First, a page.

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Drinking to the point of blacking out can take a toll on your health. Getty Images
  • New research finds that even moderate drinkers can double their risk of dementia, if they drink themselves unconscious — even rarely.
  • Experts say there are long-term, irreversible effects of long-term alcohol exposure.
  • Heavy drinking is considered eight or more drinks per week for women or greater than 14 drinks per week for men.

No one believes getting so drunk you pass out doesn’t have serious health consequences. However, a new study finds the price you pay involves much more than waking up with a hangover.

Researchers analyzed dementia diagnosis of over 130,000 people in Europe who had reported their drinking habits 14 years earlier. They found that those who reported losing consciousness after drinking had double the risk of dementia.

The risk was the same even if they were otherwise moderate drinkers, which is about a pint of beer or glass of wine per day.

According to the Centers for Disease Control and Prevention (CDC), Alzheimer’s disease is one of the top 10 leading causes of death in the United States.

Scientists examined seven European cohort studies from the U.K., France, Sweden, and Finland to include 131,415 people.

The participants, aged between 18 and 77 years, weren’t diagnosed with dementia during the years when they reported their alcohol consumption (1986 to 2012).

At follow-up, an average of 14 years later, they were examined for symptoms of dementia.

Over 96,000 people in this group reported passing out due to alcohol. Of these, over 10,000 reported having lost consciousness from drinking in the past year.

“Binge drinking tends to be most problematic among college aged youth and young adults,” Dr. Scott Krakower, unit chief of psychiatry at Zucker Hillside Hospital, Glen Oaks, New York, told Healthline.

The moderate drinkers who hadn’t passed out while drinking were used as the reference group. Compared with other participants, those who reported alcohol-induced loss of consciousness were more likely to drink hard liquor and beer, rather than wine.

After excluding participants with early or late onset Alzheimer’s, and cardiovascular conditions to find risk of cognitive impairment, the study authors concluded, “The findings of this study suggest that alcohol-induced loss of consciousness, irrespective of overall alcohol consumption, is associated with a subsequent increase in the risk of dementia.”

“It is felt that alcohol-induced blackouts are related to the effects of alcohol on the hippocampus,” said Dr. Kevin Conner, neurologist at Texas Health Arlington Memorial Hospital and Texas Health Physicians Group. “The hippocampus is the primary area of the brain that affects memory formation, storage, and retrieval.”

Conner explained that alcohol impairs an important part of the brain called glutamate receptors, which are necessary for brain cells to strengthen the transfer of information between neurons.

“This ultimately affects the retrieval of memory,” he said, adding that, “Additional brain injury can occur secondary to brain injuries related to falls, seizures, or asphyxiation from vomit, which may cause oxygen deprivation.”

According to Conner, the brain may heal from alcohol-induced damage, “depending on the extent and duration of alcohol exposure.”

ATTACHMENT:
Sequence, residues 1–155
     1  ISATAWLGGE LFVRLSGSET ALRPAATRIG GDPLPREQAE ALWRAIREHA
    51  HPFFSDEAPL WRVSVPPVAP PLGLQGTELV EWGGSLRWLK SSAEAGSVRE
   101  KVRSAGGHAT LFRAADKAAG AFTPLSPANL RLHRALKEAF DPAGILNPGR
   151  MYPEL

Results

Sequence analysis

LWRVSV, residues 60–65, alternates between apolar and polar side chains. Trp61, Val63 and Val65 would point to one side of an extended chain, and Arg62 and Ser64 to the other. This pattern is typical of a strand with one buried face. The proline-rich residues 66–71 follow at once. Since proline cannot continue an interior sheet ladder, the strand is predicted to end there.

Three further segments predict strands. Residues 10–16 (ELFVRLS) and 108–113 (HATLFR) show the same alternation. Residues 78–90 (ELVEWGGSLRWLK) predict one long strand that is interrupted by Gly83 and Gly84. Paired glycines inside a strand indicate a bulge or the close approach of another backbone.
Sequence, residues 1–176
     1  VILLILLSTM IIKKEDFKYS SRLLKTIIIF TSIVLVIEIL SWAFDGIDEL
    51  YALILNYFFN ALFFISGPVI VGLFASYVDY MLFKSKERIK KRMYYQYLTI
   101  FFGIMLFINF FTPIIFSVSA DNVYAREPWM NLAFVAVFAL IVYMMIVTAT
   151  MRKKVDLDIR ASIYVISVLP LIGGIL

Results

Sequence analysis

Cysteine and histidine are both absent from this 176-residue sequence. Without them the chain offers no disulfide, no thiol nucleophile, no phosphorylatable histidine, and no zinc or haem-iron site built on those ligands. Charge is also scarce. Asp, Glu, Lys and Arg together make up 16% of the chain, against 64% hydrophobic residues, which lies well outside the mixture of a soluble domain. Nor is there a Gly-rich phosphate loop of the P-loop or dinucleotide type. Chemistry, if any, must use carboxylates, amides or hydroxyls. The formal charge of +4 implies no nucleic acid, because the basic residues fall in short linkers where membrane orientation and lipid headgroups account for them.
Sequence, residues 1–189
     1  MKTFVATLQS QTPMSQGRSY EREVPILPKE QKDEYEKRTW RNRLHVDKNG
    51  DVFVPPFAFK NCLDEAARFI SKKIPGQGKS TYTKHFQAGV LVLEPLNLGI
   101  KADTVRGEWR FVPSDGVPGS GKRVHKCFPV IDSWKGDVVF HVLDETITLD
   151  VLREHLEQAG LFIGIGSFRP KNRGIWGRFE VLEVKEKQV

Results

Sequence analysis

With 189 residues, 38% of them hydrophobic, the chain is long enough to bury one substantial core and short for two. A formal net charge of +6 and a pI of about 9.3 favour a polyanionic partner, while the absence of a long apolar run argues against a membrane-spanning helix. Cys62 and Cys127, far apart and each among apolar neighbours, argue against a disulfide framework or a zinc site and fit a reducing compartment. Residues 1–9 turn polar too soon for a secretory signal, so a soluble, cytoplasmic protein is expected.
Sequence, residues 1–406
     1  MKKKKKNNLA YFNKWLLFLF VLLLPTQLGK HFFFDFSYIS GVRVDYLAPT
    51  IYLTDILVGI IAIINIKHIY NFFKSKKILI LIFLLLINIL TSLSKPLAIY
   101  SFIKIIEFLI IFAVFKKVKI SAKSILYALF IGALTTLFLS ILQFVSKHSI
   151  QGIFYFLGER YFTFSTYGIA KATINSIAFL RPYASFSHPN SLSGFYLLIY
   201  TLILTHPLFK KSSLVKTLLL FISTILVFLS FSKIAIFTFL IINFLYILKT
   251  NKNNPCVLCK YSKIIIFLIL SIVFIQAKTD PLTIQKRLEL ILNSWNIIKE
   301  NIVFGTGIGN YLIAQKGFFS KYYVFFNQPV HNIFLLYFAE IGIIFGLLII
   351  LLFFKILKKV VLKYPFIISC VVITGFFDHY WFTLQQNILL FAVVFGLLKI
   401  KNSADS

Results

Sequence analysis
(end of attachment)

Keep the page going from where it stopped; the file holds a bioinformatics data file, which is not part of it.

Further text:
He explained that some memories may be recalled from a blackout if they’re “stimulated by outside influences, such as a smell, video, or auditory events that may trigger other pathways of memory.”

But he warned that there are long-term, irreversible effects of long-term alcohol exposure.

These include Wernicke-Korsakoff syndrome, “where there can be eye movement changes, balance difficulties, and confusion that may progress to full psychosis and dementia.”

Conner emphasized that irreversible brain shrinkage (atrophy) as well as nerve damage (peripheral neuropathy), are also related to long-term alcohol exposure. Also, “Liver failure can affect the brain, leading to somnolence, confusion, liver flap [tremors], coma, and death.”

According to the CDC, excessive drinking includes:

  • Binge drinking, which is four or more drinks for women and five or more drinks for men during a single occasion.
  • Heavy drinking, which is eight or more drinks per week for women or greater than 14 drinks per week for men.

Moderate drinking is defined as only one drink per day for women and two per day for men.

A 2018 study published in the British Medical Journal (BMJ) looked at over 9,000 people, aged 35 to 55 years when the study began, to find that both not drinking and excessive alcohol use in mid-life was associated with increased risk of dementia.

Researchers theorize that, since abstaining from alcohol increases the risk of diabetes and heart disease — two risk factors for cognitive decline — this may partly explain their findings.

“The long-term effects of moderate alcohol consumption defined as 14 drinks per week maximum, or two drinks max per day, have been shown to perhaps reduce the risk of dementia,” agreed Conner.

He pointed out that other studies have shown abstaining to have little to no effect, however: “Across almost all studies, though, higher levels of consumption have been shown to be detrimental to brain and cardiovascular health.”

New research finds that even moderate drinkers can double their risk of dementia, if they drink themselves unconscious — even rarely.

Experts say that alcohol impairs important parts of brain function, and while some alcohol-induced damage can heal, there is a significant risk of permanent injury.

The relationship between alcohol and health is complicated, with research also showing both abstaining from alcohol and excessive drinking in middle age may increase dementia risk.

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